Native artifact sale makes $1.6 million
PARIS - The Associated Press
Three Hopi masks from Arizona are seen during the auction of sacred objects from the Hopi and San Carlos Apache Native American tribes in Paris. AFP photoA French auction house that ignored a plea by the U.S. Embassy to delay an auction of sacred Hopi masks sold them briskly Dec. 10 along with other contested Native American artifacts for $1.6 million.
As protesters stood outside the Drouot auction house with banners reading “Sacred Masks, Sacrilegious Sale,” some 25 vividly colored Kachina masks went under the hammer inside.
Though a judge ruled last week that the sale of the artifacts is legal in France, the American Indian Hopi tribe says the artifacts represent their ancestors’ spirits and cannot be sold as merchandise.
Objects sold quickly, including the sacred “Crow Mother,” a menacing Hopi mask with billowing black plumes, that was bought at nearly twice its expected value at $171,000.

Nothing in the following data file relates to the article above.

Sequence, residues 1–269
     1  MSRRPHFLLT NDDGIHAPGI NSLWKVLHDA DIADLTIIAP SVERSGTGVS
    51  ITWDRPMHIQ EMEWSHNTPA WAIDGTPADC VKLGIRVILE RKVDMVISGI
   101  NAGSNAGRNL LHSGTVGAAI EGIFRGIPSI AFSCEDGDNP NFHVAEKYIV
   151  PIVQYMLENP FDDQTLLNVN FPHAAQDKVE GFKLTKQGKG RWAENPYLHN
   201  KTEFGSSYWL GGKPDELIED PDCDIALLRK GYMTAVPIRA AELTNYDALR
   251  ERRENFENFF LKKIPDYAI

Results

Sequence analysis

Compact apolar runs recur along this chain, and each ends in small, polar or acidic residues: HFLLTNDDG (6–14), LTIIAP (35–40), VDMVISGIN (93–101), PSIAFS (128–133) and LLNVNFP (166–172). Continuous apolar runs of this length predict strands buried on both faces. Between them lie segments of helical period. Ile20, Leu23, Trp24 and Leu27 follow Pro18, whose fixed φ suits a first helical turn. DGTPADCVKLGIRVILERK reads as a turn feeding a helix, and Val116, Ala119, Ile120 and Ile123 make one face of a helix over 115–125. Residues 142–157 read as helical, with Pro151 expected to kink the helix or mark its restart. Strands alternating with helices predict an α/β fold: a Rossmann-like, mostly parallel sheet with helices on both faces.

“This is the event of the year. It’s right here, right now. This is the American Indian sale of 2013,” auctioneer Eric Deneste said light-heartedly.
The U.S. Embassy made a request for delay on behalf of the Hopi and San Carlos Apache tribes, to allow them time to come to France and identify the artifacts and investigate whether they have a claim to the items under the 1970 UNESCO Convention on the Export and Transfer of Ownership of Cultural Property. Both France and the U.S. are signatories to the treaty.
Pierre Servan-Schreiber, a lawyer who represents the Hopi tribe, said that he bought one of the Hopi masks to return to the tribe.